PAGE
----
C Yasmani Grandal

C Joe Mauer

1B Justin Morneau

2B Brian Dozier

SS Andrelton Simmons

3B Kyle Seager

OF YoenisCespedes

OF Carlos Gonzalez

OF Alex Gordon

OF Billy Hamilton

OF Brandon Moss

CR Adam LaRoche 

UT David Ortiz

P Yu Darvish

P Cliff Lee

P Yovani Gollardo

P Hisashi Iwakuma

P Jonathan Papelbon

P Jeff Samardzija

P Joakim Soria

P Dan Straily

R Alex Guerrero

R Corey Hart

R Marcel Ozuna

R Josh Willingham

R Chad Qualls

R Erasmo Ramirez

R Brandon Beachy

So is this a $75,000 roster?

A Historically Bad Year For Fantasy Running Backs?

The running back carnage this year is bad. But how bad? Is this something we should plan for in the future?

Scanning the Twitterverse this last week, I was struck by this comment:

My first take was that this year’s first-round running back busts are pretty typical of history. I was right .. and wrong. Let’s look at the history of running backs taken in the first round of average draft position (ADP) since 1998 (data courtesy of MyFantasyLeague.com)

Rbs in top 15 Busts Outside top 50
QQ| sdnum=”1033;” sdval=”2012″>2012 QQ| sdnum=”1033;” sdval=”8″>8 QQ| sdnum=”1033;” sdval=”1″>1 QQ| sdnum=”1033;” sdval=”3″>3
QQ| sdnum=”1033;” sdval=”2011″>2011 QQ| sdnum=”1033;” sdval=”10″>10 QQ| sdnum=”1033;” sdval=”2″>2 QQ| sdnum=”1033;” sdval=”2″>2
QQ| sdnum=”1033;” sdval=”2010″>2010 QQ| sdnum=”1033;” sdval=”10″>10 QQ| sdnum=”1033;” sdval=”2″>2 QQ| sdnum=”1033;” sdval=”2″>2
QQ| sdnum=”1033;” sdval=”2009″>2009 QQ| sdnum=”1033;” sdval=”10″>10 QQ| sdnum=”1033;” sdval=”1″>1 QQ| sdnum=”1033;” sdval=”4″>4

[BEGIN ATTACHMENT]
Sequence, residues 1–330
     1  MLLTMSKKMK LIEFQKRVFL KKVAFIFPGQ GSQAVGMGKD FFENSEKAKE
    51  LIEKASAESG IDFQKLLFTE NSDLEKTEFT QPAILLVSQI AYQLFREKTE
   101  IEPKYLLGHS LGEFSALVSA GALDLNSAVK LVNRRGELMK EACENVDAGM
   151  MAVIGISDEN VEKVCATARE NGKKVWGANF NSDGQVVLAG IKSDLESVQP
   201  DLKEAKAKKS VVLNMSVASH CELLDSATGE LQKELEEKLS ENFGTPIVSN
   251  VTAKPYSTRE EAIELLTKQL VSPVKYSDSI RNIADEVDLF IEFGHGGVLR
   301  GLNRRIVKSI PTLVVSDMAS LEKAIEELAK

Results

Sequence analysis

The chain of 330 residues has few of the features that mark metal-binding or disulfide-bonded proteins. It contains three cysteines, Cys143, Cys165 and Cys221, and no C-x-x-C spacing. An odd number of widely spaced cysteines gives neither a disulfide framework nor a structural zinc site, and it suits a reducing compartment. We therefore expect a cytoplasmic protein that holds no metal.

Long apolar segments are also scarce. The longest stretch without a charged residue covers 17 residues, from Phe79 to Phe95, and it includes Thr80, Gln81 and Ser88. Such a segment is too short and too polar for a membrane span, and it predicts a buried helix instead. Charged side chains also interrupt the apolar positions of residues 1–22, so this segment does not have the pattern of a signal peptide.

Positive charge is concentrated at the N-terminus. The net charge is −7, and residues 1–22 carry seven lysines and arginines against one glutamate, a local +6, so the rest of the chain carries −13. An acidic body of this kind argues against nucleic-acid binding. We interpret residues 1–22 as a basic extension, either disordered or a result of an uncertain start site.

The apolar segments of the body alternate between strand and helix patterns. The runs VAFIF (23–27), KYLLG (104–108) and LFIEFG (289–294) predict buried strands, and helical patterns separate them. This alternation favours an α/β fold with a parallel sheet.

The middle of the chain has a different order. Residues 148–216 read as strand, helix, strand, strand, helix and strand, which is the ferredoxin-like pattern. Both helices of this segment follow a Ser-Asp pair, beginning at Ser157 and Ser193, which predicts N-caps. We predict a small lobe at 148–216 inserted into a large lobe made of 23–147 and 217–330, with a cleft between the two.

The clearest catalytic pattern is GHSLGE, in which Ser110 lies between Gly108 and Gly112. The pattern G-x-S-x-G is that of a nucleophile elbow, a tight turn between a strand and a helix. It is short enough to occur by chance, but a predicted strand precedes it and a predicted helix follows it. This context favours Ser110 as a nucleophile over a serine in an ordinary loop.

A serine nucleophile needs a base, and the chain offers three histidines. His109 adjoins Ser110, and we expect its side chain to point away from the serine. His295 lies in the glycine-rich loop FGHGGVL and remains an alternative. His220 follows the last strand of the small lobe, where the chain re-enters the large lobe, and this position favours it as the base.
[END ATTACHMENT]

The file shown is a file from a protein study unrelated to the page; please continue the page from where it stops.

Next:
QQ| sdnum=”1033;” sdval=”2008″>2008 QQ| sdnum=”1033;” sdval=”9″>9 QQ| sdnum=”1033;” sdval=”1″>1 QQ| sdnum=”1033;” sdval=”1″>1
QQ| sdnum=”1033;” sdval=”2007″>2007 QQ| sdnum=”1033;” sdval=”12″>12 QQ| sdnum=”1033;” sdval=”4″>4 QQ| sdnum=”1033;” sdval=”4″>4
QQ| sdnum=”1033;” sdval=”2006″>2006 QQ| sdnum=”1033;” sdval=”12″>12 QQ| sdnum=”1033;” sdval=”3″>3 QQ| sdnum=”1033;” sdval=”5″>5
QQ| sdnum=”1033;” sdval=”2005″>2005 QQ| sdnum=”1033;” sdval=”11″>11 QQ| sdnum=”1033;” sdval=”2″>2 QQ| sdnum=”1033;” sdval=”3″>3
QQ| sdnum=”1033;” sdval=”2004″>2004 QQ| sdnum=”1033;” sdval=”10″>10 QQ| sdnum=”1033;” sdval=”0″>0 QQ| sdnum=”1033;” sdval=”1″>1
QQ| sdnum=”1033;” sdval=”2003″>2003 QQ| sdnum=”1033;” sdval=”10″>10 QQ| sdnum=”1033;” sdval=”0″>0 QQ| sdnum=”1033;” sdval=”0″>0
QQ| sdnum=”1033;” sdval=”2002″>2002 QQ| sdnum=”1033;” sdval=”7″>7 QQ| sdnum=”1033;” sdval=”0″>0 QQ| sdnum=”1033;” sdval=”1″>1
QQ| sdnum=”1033;” sdval=”2001″>2001 QQ| sdnum=”1033;” sdval=”8″>8 QQ| sdnum=”1033;” sdval=”1″>1 QQ| sdnum=”1033;” sdval=”2″>2